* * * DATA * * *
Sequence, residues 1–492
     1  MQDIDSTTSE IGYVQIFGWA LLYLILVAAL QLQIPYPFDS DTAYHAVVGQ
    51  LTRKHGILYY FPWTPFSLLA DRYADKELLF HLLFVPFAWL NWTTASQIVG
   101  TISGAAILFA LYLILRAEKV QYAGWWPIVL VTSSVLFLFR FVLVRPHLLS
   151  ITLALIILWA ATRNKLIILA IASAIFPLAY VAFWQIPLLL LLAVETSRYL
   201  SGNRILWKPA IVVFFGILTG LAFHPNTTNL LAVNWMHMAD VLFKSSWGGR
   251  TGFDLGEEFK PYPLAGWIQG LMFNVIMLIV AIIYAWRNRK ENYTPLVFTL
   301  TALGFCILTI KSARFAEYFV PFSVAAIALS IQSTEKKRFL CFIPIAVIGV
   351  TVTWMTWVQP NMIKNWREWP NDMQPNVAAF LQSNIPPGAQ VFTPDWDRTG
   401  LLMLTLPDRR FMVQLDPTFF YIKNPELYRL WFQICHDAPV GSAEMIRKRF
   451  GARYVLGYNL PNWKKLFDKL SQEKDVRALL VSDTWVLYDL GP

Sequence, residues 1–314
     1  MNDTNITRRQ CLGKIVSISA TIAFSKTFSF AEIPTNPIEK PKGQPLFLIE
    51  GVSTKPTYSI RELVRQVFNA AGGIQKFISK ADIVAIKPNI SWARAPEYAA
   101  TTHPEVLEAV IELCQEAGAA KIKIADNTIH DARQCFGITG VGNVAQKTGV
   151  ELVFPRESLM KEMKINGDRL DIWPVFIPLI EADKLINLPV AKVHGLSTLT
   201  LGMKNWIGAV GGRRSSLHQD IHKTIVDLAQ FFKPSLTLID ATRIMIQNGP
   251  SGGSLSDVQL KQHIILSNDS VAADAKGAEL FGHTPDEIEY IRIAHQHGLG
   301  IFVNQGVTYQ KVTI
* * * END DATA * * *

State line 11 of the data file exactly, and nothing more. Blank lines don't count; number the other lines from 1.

   451  GARYVLGYNL PNWKKLFDKL SQEKDVRALL VSDTWVLYDL GP